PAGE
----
It’s official: Not everybody’s a George Clooney fan.
The annual meeting of Time Warner shareholders in Atlanta on Friday somehow managed not to be soul-drainingly boring for a few minutes, when an unhinged female shareholder launched into a lengthy rant about George Clooney and his wife, attorney Amal Alamuddin.
“I have a compensation question … How much have we paid George Clooney for ‘Gravity’ and ‘Argo?'” the shareholder asked Time Warner chairman and CEO Jeff Bewkes, before unspooling a scatter-shot jeremiad with xenophobic overtones.
“How much money went to Amal Alamuddin, a foreign fiancée and spouse? To her family, to Lebanon, to the mayor of Rome to officiate at the wedding? To Arab contractors to renovate his home in London? Are there violations of the Foreign Corrupt Practices Act?”
The shareholder added, “His marriage to a 37-year-old Lebanese lawyer is problematic at best.”
The woman flung criticism at Alamuddin for representing Muammar Gaddafi’s chief of intelligence at trial, and took particular exception to Clooney marrying Alamuddin “on the Saturday after Rosh Hashanah.”
She also complained that George Clooney‘s attractive, successful and probably-younger-than-her wife has been called “sexy” by some.
“Ms. Alamuddin has been portrayed in the press as a sexy, international civil rights lawyer. She is not. She is a criminal lawyer. A defense attorney who puts the worst tyrants back on the streets,” the woman said.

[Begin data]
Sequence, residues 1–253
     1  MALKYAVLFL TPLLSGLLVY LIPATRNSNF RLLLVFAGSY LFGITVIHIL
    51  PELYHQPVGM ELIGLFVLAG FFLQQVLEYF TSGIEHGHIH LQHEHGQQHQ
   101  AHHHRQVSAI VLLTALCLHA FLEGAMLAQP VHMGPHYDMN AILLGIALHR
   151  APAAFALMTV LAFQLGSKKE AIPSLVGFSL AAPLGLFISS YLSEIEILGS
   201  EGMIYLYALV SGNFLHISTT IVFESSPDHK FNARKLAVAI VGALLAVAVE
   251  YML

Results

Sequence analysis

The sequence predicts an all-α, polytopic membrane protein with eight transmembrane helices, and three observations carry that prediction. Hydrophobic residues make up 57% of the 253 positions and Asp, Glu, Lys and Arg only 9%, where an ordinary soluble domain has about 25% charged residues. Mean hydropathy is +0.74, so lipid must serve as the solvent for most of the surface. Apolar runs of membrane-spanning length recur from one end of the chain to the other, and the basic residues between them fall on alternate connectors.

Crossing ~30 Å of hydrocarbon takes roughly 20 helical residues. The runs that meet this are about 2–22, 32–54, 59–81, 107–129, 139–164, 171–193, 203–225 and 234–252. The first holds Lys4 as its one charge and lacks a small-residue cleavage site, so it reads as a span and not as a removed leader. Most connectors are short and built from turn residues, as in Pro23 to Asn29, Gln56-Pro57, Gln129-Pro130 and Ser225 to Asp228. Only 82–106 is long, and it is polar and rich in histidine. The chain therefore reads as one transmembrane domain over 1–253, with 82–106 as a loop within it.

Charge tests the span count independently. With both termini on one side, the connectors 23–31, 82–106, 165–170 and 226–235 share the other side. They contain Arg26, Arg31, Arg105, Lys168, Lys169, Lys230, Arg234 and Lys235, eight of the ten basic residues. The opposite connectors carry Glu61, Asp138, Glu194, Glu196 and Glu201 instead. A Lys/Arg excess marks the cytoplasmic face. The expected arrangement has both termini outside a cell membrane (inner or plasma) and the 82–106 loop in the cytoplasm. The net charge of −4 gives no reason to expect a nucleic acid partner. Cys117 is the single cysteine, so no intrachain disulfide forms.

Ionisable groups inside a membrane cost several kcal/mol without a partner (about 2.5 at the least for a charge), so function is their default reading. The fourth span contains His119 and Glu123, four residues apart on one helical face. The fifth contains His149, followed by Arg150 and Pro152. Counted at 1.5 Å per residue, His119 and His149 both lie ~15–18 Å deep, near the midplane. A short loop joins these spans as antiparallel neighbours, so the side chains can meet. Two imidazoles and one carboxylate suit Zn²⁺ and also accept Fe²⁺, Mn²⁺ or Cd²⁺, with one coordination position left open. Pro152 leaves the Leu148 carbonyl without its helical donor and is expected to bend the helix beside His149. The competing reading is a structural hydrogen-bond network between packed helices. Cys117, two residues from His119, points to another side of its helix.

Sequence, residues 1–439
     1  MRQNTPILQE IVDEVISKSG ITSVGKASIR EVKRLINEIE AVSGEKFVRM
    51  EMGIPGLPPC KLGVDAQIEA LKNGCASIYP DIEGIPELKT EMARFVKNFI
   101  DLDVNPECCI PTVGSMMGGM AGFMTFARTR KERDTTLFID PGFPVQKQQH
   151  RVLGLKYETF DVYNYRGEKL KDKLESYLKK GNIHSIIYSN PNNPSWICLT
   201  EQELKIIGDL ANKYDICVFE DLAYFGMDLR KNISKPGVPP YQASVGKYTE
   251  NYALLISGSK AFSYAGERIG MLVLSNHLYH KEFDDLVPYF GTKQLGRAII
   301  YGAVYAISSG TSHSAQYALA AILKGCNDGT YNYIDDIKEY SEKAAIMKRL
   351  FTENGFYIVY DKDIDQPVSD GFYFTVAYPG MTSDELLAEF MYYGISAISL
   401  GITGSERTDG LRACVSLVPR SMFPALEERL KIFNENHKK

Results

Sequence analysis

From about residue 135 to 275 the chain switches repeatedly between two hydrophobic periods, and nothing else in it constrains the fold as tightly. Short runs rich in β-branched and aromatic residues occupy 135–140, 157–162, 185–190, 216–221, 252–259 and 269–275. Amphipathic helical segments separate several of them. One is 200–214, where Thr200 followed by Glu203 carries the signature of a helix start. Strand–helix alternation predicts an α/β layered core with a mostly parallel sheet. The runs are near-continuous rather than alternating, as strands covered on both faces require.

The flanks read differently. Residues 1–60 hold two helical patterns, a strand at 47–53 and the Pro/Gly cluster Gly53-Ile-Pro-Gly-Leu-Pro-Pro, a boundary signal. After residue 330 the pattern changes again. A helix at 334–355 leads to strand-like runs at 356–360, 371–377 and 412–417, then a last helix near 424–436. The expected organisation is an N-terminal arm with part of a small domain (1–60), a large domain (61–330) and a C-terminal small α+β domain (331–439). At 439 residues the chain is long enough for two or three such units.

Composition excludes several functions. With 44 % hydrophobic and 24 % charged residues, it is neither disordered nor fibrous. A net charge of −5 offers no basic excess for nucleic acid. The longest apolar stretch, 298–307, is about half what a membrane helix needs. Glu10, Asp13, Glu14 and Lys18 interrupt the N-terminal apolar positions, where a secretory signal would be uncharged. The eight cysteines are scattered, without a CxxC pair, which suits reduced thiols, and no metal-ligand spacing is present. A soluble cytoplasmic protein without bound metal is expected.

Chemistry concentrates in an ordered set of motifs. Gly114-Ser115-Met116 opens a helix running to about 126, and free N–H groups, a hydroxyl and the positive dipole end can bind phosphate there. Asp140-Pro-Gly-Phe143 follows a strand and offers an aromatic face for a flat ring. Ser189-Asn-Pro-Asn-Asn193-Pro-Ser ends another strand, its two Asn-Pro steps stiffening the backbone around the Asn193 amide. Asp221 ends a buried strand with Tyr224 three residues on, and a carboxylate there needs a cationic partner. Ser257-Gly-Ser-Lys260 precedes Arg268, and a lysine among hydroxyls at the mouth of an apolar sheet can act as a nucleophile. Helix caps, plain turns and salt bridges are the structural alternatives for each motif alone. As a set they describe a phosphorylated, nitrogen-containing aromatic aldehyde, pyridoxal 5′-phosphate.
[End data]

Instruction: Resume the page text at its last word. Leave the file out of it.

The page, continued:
Bewkes eventually tried to rein in the proceedings.
“Excuse me. We cannot allow this meeting to be the place where personal and political views from any of us are expressed,” Bewkes said. “If you have a question, would you please restate what your question is.”
“I would like to know how much Mr. Clooney has received, how much money is going to Lebanon and to his wife,” the shareholder responded.
Bewkes replied by essentially telling her that it’s none of her — or his, for that matter — business how Clooney spends his money.
“In terms of what any of our actors, directors, writers make as citizens of the United States, they’re free to spend their money where they choose, and it is not something that our company has any influence over, or power about, nor do we have knowledge of it, and we should not further detour this meeting to discuss those matters,” said Bewkes.